Niagara Falls Is Currently Coated in Ice And It’s Absolutely Jaw-Dropping

Earth Porn.

Paul Gromosiak probably holds the greatest quote ever when it comes to attempting to describe the beauty and splendor of Niagara Falls; he once wrote that the Falls were so breathtaking they “diminishe[d] even those skyscrapers” on either side of the border. However, you’d have to think that Gromosiak would have something even more elegant to say if he wrote his words in front of Niagara Falls today. Over a decade ago, the trees surrounding the Falls “bow[ed] to the river, with the weight of the ice on their branches,” which certainly conjures similar images to the contemporary ones below.

(Aaron Lynett/The Canadian Press/AP)

Niagara Falls State Park outside Buffalo is an ideal place to observe this year’s majestic winter as well. According to Zieong Zang (who drove to the Falls from New Jersey), “I came here in the summertime four years ago. It was good, but it wasn’t like this. This is just outstanding, with all the snow and the trees coated like sugar.” It should go without saying that no pictures could ever genuinely convey the magnificence of the frozen falls, but if you can’t get there yourself, these images are quite remarkable indeed.

View image on TwitterView image on TwitterView image on Twitter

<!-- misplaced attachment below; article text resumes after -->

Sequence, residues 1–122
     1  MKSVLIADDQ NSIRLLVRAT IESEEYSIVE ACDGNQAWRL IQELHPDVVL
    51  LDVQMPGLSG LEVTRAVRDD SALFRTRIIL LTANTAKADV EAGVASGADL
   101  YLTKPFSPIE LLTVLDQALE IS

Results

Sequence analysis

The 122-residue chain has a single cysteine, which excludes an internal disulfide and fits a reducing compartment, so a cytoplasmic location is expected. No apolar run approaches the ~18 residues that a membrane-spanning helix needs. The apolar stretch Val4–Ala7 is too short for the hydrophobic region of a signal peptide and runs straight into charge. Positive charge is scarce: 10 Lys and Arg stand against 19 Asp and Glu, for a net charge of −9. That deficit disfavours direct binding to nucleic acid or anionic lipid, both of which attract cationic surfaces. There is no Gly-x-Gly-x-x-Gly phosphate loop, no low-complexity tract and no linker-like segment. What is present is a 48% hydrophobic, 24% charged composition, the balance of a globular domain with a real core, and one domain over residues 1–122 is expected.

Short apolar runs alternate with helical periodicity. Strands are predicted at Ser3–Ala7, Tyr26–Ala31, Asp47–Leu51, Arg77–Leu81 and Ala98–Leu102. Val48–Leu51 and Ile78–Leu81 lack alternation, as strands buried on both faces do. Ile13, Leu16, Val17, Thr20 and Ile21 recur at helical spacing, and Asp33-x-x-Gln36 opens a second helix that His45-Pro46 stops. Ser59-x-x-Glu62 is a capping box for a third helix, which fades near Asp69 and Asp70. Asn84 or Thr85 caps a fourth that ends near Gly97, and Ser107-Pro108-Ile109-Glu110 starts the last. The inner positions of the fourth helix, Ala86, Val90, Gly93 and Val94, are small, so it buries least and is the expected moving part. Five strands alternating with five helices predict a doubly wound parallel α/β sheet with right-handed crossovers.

It’s important to note that there are thousands of fake pictures floating around out there which show Niagara Falls entirely frozen; they usually seem like something out of a Hollywood movie, and sometimes they actually are. In 2014, The Washington Post’s Caitlin Dewey debunked several of these images as being “either totally misleading or outright false.” It’s difficult for any mere mortal to get their head around it, but over 3,000 tons of water rushes over the edge of the Falls each moment, and it would take an Armageddon-like cold-spell to stop all that liquid in its tracks.

(Aaron Lynett/The Canadian Press, via AP)

Yet, the ice at the bottom of Niagara Falls does get thick enough to walk across and even build small structures on. In 1912, approximately three dozen individuals were standing on one of these temporary “ice bridges” when another large piece of ice fell from above. Three people ended up drowning and their bodies were never recovered. Temperatures could reach -13 degrees Fahrenheit as per the National Weather Service, so although this story is sad, recalling it may save lives in the near future.





The Washington Post